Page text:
As the cherry blossom season is winding down in western Japan and the "sakura front" is moving its way north towards its final destination of Hokkaido, our team is moving our coverage north, too. While Scott and Raina are reporting from a few of the best late-blooming cherry blossom spots around Tokyo and Kyoto this week, I'll be heading into the Tohoku Region as the season progresses northward.
Today, I made my way to Sendai, one of Tohoku's major cities, to check on the state of the blossoms in a few of the city's best sakura spots. While the sakura reached full bloom here late last week, on this chilly, windy day, I found the flowers still rather close to full bloom, with petals only just starting to fall on less than half of the trees in the places I visited.
My first visit today was actually a few kilometers outside of the main urban center of Sendai to the south. Mikamine Park is a small yet spacious hilltop park packed full of lovely Somei Yoshino and weeping shidarezakura trees which today were looking fluffy and very near full bloom. The more common, mid-season-blooming Somei Yoshino sakura trees here were just starting to lightly shed their petals today, but still had more than enough hanging on to keep them looking lovely and full for another few days, provided no heavy rain or wind take them down more quickly.
The only downside to this great little park is perhaps the access. The walk from the nearest train station, Nagamachi Minami Subway Station, to Mikamine Park is about 30 minutes, and city buses don't go directly to the park (and don't offer stop signage in English). Parking can also be a challenge in the park's rather small parking lot. For those looking for the simplest and fastest route, a taxi from Nagamachi Minami Subway Station might be the way to go.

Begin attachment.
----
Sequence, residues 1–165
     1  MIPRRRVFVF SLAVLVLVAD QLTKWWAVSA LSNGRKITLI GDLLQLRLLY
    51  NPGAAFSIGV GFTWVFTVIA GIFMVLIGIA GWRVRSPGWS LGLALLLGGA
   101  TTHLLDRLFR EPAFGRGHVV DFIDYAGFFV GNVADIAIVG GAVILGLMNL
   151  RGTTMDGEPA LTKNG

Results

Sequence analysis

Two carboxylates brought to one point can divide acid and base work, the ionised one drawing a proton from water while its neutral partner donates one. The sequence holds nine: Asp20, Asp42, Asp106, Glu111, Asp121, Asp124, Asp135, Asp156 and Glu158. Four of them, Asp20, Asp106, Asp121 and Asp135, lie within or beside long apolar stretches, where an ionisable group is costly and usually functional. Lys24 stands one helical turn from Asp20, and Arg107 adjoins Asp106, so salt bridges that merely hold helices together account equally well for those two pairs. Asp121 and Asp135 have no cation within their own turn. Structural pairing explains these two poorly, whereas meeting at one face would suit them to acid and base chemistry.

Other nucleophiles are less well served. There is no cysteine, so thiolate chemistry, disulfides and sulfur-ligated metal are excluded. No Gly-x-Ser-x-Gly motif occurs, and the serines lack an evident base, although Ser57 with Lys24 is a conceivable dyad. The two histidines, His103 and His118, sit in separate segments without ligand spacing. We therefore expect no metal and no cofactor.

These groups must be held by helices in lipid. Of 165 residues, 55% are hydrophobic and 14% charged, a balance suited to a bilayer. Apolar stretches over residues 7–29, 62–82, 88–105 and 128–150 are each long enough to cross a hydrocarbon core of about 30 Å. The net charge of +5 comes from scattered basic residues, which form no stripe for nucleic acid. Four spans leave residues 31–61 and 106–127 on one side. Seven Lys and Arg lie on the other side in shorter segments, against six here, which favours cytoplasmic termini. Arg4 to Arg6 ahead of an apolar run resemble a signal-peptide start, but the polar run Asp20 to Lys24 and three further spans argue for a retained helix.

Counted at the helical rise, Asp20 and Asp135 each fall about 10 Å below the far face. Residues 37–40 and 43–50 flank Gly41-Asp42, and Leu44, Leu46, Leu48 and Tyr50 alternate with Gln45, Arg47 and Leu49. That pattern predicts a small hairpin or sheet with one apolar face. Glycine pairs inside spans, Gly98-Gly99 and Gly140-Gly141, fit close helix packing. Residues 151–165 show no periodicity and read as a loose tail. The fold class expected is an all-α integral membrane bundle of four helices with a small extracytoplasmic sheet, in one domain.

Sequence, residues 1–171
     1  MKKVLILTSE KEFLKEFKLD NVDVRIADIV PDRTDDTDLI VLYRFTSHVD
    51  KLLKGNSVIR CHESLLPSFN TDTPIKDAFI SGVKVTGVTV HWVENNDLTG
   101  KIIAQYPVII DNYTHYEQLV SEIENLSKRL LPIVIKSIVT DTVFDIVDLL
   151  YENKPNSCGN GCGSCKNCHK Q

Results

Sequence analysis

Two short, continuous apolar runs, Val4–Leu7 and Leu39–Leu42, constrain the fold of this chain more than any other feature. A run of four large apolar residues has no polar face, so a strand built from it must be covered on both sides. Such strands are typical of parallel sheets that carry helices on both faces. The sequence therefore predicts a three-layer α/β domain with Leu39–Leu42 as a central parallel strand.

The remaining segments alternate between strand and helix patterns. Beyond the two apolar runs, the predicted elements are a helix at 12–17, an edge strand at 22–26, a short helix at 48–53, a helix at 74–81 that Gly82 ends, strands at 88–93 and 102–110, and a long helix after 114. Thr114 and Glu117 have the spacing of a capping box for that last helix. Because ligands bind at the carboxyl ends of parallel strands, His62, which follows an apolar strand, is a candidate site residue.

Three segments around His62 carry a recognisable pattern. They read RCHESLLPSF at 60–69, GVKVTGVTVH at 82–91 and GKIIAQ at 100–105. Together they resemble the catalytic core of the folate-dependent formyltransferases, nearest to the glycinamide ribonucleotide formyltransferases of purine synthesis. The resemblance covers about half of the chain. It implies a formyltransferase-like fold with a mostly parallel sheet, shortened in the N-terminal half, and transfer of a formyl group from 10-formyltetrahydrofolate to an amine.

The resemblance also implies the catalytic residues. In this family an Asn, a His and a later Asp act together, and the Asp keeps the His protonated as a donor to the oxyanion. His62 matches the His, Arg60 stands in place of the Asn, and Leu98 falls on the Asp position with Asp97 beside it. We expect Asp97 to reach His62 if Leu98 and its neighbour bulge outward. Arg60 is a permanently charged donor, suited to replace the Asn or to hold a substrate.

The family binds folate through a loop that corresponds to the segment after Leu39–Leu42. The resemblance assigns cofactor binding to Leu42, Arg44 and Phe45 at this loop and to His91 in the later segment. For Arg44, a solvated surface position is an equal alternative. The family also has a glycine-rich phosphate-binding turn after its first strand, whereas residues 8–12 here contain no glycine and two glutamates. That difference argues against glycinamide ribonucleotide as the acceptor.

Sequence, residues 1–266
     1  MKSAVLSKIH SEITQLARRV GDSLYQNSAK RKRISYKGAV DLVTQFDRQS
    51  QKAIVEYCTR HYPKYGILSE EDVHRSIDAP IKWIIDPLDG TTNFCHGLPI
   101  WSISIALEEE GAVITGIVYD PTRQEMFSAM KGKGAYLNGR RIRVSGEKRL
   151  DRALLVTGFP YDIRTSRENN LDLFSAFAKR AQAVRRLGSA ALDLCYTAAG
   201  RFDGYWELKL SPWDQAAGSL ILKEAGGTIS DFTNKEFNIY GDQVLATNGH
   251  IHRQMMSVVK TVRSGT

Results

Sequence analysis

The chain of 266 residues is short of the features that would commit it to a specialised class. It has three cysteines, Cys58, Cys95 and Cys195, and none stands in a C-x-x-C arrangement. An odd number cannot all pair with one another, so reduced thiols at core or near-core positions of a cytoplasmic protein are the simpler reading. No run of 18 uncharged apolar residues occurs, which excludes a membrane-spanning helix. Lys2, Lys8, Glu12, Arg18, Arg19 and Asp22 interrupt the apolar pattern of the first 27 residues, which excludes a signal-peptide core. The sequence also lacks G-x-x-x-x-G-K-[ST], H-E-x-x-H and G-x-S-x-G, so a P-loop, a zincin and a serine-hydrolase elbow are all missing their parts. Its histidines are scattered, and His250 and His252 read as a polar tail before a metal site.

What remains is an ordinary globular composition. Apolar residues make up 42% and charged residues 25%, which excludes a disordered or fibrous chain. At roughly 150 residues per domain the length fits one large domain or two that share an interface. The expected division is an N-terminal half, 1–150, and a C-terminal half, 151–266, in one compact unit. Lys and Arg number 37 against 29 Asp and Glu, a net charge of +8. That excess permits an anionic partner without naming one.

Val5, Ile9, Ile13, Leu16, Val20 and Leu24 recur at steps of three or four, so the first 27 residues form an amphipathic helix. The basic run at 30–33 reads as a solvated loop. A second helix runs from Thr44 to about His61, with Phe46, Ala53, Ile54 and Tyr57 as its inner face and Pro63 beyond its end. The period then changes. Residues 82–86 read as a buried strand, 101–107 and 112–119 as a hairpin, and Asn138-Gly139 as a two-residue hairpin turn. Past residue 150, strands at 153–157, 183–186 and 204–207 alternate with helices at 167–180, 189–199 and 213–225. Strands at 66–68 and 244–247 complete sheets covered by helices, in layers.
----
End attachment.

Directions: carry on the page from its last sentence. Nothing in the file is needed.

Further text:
My second stop today was back in Sendai's city center at Nishi Park. The small inner city park has several dozen Somei Yoshino cherry trees which were almost all in full bloom today. In the middle of the trees, the park sports a large lawn that gets crowded with hanami picnickers on weekends and in the evening during the season, when the trees are lit up and the food stalls around the perimeter are busy with customers.
Nishi Park is located just two stops west of Sendai Station on the recently-opened Tozai Subway Line, just a few steps away from Omachinishikoen Station.
My last stop today was to Tsutsujigaoka Park, just one stop east of Sendai Station on the JR Senseki Line. Tsutsujigaoka Park's long promenades just recently burst into color last week, and today was still looking amazing with its many bright pink weeping yaebeni shidarezakura approaching full bloom and the white Somei Yoshino sakura just starting to drop their petals. The mix of colors was beautiful today, and hundreds of people were pitching tarps and picnicking under the trees. The park offers plenty of space for hanami parties, convenient boxes for trash, and vendors selling festival food.